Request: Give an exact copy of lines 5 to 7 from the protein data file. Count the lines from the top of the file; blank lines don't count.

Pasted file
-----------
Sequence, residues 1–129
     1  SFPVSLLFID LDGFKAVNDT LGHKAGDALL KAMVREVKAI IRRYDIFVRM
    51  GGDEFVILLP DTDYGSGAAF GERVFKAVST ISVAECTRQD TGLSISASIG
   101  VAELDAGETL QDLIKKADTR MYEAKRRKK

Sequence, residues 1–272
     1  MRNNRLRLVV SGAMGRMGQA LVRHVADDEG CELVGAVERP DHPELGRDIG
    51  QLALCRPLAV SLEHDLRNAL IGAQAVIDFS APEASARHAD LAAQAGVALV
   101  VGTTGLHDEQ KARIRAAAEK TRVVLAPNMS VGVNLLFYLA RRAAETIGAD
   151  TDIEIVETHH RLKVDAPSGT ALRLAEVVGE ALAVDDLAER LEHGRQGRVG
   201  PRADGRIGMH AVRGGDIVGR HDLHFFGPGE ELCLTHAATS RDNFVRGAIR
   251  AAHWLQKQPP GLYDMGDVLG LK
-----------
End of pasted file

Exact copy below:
Sequence, residues 1–272
     1  MRNNRLRLVV SGAMGRMGQA LVRHVADDEG CELVGAVERP DHPELGRDIG
    51  QLALCRPLAV SLEHDLRNAL IGAQAVIDFS APEASARHAD LAAQAGVALV